Larson acknowledges that she's sharing co-parenting responsibilities with her nanny. Larson's husband, Chris, joked with the nanny when she was interviewed for the job that if she was hired, she was hired for the next 18 years. Larson says that's because her husband also prefers a nanny to look after their kids because both parents are very busy professionals with demanding work and travel schedules.
But do their kids ever get confused as to who's in charge? Larson says her agreement with Sumption is that during the day between 7 a.m. and 5:30 p.m., Sumption is in charge.
She tells her kids to go to Sumption for every want and need during the day. Even at times when Larson is home for a few minutes to grab coffee or lunch, she says "Go to Tia" if her kids ask her what they should eat or wear.
Sumption, on the other hand, observes that 3-year-old Ella often throws temper tantrums while both Larson and nanny are in the house during the day.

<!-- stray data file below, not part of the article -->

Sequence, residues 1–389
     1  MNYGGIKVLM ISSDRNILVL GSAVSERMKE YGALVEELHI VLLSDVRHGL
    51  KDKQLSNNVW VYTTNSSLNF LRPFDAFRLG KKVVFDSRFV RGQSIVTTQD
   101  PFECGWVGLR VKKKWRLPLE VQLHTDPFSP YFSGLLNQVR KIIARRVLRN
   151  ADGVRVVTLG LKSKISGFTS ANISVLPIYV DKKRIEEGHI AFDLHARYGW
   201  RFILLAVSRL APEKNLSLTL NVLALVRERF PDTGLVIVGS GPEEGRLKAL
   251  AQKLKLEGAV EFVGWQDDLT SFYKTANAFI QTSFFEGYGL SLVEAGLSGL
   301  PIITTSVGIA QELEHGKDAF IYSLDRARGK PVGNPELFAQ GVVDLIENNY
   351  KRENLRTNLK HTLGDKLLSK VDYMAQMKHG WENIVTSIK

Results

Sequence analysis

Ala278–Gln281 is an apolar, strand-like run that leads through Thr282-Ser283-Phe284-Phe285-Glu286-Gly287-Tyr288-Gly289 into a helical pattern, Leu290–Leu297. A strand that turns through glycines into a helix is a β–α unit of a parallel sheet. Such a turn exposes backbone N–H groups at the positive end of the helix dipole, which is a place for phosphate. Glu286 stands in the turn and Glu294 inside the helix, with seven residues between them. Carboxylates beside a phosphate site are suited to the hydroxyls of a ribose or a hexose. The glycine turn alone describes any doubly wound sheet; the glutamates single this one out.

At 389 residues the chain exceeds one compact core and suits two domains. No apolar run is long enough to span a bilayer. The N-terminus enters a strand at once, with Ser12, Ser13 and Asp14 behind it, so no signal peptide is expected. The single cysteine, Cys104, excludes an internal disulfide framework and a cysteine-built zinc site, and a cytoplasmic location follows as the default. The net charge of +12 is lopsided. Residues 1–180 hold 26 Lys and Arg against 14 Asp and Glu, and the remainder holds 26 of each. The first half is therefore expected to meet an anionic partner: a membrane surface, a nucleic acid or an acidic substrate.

"She'd wonder mom's here, but Tia is not gone, who's the boss now?" said Sumption.
Larson agrees that when she works from her home office, it can be confusing for her kids. She sometimes worries her nanny may have an impact on her children's long-term development. But child psychologists say while children may cling and listen to their nannies more often than their mothers during the day, it's the mother who will, over time, have a bigger influence on the children.
When Ella was asked what kind of mom she wants to be when she grows up, she's confused saying "stay at home" and "go to work!"